Can Doctors Who Don't Use Computers Harm Patients? New Hampshire Thinks So

Oxycontin pills 2001
The prescription medicine OxyContin is displayed August 21, 2001 at a Walgreens drugstore in Brookline, MA. Darren McCollester/Getty Images

Updated | An 84-year-old doctor working in one of the epicenters of the opioid crisis is unable to use a computer to access a vital program aimed at stopping drug abuse. As a result, she gave up her license and her right to practice medicine—but now, the Associated Press reported, she's suing to get it back.

Dr. Anna Konopka, who first got her medical license in New Hampshire in 1968 and became a fixture in her 4,000-person town, does not have and cannot use a computer, the AP reported. That means she's not able to access a digital drug prescription monitoring program that all physicians in New Hampshire—and in every other U.S. state—must use to track prescriptions of controlled substances like opioids.

Konopka voluntarily surrendered her license in October "in settlement of pending allegations regarding my record keeping, prescribing practices, and medical decision making," according to public documents from the New Hampshire Board of Medicine.

New London Dr. Anna Konopka before start of court hearing seeking return of medical license. @UnionLeader

— Mark Hayward (@mhayward) November 3, 2017

"The problem now is that I am not doing certain things on computer," Konopka told the AP. "I have to learn that. It is time consuming. I have no time."

Opioids, which include prescription drugs like Oxycontin and non-prescription drugs like heroin, have experienced an epidemic resurgence during the last few years. On October 26, Trump declared the crisis a "national public health emergency."

The crisis has been especially acute in New Hampshire. The state has seen nearly double the number of deaths due to opioid overdoses in 2015 as in 2013—one of the highest rates in the country, according to the CDC.

Every state, including New Hampshire, has some kind of prescription drug monitoring program (PDMP) in place. The system doesn't just track opioid prescriptions; it can also track other drugs found on the Drug Enforcement Agencies schedules of controlled drugs. The specific drugs tracked can vary by state, but the basic principle is the same across the country: healthcare professionals should check a person's prescription history before giving them a drug that could be addictive. PDMPs can show doctors and pharmacists, for example, if a person has received multiple recent opiate prescriptions from different doctors, for example.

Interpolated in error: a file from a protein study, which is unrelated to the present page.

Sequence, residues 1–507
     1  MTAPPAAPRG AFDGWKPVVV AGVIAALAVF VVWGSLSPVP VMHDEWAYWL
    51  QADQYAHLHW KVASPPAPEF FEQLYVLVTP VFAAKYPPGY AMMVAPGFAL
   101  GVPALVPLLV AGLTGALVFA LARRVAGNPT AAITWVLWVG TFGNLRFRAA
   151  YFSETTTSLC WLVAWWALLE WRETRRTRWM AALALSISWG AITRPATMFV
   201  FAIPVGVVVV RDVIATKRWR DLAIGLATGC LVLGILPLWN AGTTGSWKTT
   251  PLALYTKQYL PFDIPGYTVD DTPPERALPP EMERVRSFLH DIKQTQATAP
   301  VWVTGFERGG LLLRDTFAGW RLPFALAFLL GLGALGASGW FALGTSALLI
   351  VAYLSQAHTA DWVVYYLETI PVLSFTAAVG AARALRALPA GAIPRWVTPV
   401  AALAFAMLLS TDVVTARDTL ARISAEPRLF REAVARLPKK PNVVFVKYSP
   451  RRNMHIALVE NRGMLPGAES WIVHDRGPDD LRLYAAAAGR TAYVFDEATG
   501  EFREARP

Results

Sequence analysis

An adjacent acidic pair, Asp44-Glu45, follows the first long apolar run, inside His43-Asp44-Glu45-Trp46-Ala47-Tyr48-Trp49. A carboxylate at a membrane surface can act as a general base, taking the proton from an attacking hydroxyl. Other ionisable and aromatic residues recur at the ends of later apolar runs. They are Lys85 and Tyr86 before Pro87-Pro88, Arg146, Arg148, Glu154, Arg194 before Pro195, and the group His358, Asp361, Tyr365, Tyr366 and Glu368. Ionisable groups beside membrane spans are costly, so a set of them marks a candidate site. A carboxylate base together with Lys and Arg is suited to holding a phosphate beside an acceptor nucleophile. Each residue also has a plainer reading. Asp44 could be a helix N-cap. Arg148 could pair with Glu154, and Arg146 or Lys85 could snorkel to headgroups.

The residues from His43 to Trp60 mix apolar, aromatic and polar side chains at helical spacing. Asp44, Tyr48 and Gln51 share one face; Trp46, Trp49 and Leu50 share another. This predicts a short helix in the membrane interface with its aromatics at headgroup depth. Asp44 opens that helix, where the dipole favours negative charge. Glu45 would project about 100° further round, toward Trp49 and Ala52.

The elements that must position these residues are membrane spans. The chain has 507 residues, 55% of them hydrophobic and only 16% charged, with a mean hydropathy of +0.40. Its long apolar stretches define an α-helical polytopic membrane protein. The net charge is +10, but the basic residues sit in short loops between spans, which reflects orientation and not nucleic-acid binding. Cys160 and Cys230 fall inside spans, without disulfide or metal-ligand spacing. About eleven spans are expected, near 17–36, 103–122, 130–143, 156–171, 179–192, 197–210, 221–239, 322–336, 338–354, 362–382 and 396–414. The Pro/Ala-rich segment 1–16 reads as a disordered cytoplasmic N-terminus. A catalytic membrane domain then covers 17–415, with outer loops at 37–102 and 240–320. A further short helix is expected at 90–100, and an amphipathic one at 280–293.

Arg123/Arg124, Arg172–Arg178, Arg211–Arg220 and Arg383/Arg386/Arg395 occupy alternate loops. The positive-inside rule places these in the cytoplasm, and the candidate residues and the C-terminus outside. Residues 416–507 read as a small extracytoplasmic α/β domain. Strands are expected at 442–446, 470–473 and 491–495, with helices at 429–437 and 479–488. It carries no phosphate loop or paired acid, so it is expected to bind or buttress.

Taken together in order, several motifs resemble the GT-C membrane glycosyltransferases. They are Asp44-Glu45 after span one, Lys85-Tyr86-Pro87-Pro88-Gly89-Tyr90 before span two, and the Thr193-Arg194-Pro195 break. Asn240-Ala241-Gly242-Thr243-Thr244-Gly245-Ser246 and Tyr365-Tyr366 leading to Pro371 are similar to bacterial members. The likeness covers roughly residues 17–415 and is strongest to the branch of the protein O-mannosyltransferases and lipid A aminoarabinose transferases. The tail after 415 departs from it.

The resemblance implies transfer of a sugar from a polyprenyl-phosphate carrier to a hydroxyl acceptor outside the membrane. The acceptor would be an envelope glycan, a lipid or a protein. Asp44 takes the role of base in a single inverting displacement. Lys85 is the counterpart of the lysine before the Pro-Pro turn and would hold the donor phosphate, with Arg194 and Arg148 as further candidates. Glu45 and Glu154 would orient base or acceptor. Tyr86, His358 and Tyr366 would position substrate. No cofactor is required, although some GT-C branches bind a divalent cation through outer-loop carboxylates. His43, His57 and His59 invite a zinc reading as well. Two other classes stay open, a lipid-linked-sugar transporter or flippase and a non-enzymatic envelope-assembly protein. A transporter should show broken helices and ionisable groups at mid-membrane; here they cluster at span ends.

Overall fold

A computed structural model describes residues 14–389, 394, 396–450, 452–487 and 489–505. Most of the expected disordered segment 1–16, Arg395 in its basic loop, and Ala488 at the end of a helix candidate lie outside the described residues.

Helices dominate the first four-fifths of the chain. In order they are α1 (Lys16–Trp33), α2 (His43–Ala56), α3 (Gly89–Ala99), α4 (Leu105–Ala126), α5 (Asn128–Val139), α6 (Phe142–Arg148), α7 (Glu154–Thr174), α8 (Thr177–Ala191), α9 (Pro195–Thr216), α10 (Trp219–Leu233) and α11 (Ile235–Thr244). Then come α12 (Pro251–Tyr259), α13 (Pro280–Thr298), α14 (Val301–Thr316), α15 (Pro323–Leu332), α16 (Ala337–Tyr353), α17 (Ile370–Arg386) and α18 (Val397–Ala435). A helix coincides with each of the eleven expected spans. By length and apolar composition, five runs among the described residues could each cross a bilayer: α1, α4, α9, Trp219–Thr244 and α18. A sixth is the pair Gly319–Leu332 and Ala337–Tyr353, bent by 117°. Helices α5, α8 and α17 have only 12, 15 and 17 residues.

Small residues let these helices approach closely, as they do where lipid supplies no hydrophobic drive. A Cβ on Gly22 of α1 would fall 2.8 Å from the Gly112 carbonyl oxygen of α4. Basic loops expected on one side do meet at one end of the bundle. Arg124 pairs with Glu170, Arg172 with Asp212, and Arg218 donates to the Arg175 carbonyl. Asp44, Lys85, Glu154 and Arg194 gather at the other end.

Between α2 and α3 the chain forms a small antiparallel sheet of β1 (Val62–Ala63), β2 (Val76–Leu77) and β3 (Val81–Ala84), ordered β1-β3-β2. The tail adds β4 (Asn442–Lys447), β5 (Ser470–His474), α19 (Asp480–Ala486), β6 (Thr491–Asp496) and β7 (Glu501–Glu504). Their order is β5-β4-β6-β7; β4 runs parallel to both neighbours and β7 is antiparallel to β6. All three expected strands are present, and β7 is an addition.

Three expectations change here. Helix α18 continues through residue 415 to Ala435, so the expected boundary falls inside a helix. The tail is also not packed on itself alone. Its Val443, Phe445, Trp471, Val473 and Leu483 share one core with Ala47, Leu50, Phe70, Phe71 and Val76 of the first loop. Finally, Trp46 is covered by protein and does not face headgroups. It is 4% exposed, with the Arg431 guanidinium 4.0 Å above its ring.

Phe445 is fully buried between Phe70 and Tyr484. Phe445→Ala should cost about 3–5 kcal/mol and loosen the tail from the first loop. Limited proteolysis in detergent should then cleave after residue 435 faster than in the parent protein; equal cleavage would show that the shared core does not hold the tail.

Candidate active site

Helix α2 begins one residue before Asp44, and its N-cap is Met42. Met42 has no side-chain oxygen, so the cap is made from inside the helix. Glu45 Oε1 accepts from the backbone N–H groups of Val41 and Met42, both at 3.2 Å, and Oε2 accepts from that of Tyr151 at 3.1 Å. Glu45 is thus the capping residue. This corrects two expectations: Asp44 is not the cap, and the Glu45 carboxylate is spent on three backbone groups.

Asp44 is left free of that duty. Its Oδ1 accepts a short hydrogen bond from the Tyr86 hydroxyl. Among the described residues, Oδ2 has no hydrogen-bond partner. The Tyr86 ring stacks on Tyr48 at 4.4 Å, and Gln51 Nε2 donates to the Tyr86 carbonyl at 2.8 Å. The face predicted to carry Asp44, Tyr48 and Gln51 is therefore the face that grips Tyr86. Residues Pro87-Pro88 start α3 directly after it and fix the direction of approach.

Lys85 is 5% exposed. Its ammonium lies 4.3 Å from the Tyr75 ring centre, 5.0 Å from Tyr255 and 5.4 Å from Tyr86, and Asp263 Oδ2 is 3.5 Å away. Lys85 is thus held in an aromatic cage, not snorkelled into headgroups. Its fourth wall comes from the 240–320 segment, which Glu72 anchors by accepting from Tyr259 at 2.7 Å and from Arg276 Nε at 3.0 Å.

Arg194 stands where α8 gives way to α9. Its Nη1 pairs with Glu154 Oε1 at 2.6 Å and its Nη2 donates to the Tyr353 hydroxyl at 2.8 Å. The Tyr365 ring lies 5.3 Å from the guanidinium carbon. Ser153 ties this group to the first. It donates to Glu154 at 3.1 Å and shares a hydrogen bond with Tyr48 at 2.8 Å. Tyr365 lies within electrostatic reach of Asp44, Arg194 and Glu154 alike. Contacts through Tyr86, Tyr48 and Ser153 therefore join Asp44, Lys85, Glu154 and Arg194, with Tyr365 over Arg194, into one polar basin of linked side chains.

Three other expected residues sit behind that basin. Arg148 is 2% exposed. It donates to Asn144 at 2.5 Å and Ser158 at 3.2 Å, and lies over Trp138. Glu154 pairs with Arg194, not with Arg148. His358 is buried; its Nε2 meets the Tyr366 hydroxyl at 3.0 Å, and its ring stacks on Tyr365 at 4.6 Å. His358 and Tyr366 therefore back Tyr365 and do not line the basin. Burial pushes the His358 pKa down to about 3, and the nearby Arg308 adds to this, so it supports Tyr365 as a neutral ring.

In some states, doing this check before writing a prescription is mandatory. In others, just submitting the data is enough. Either way, these systems are "key to curbing opioid abuse," according to the American Academy of Family Physicians.

The New Hampshire State Board of Medicine's concern over Konopka's inability to access this important database is understandable. That said, the main overdose threat in New Hampshire comes from synthetic opioids like fentanyl—not prescription pills that would be tracked in the PDMP—according to the Washington Post's analysis of CDC data.

Despite her licensing issues, Konopka's patients have stayed loyal. The AP reported that several patients attended a hearing held in court on Friday and testified to the quality of care she provided. No ruling had been made on Konopka's case as of Monday afternoon, a clerk at the New Hampshire Superior Court confirmed to Newsweek .

Correction: A previous version of this article incorrectly referred to the American Academy of Family Physicians as the American Association of Family Physicians.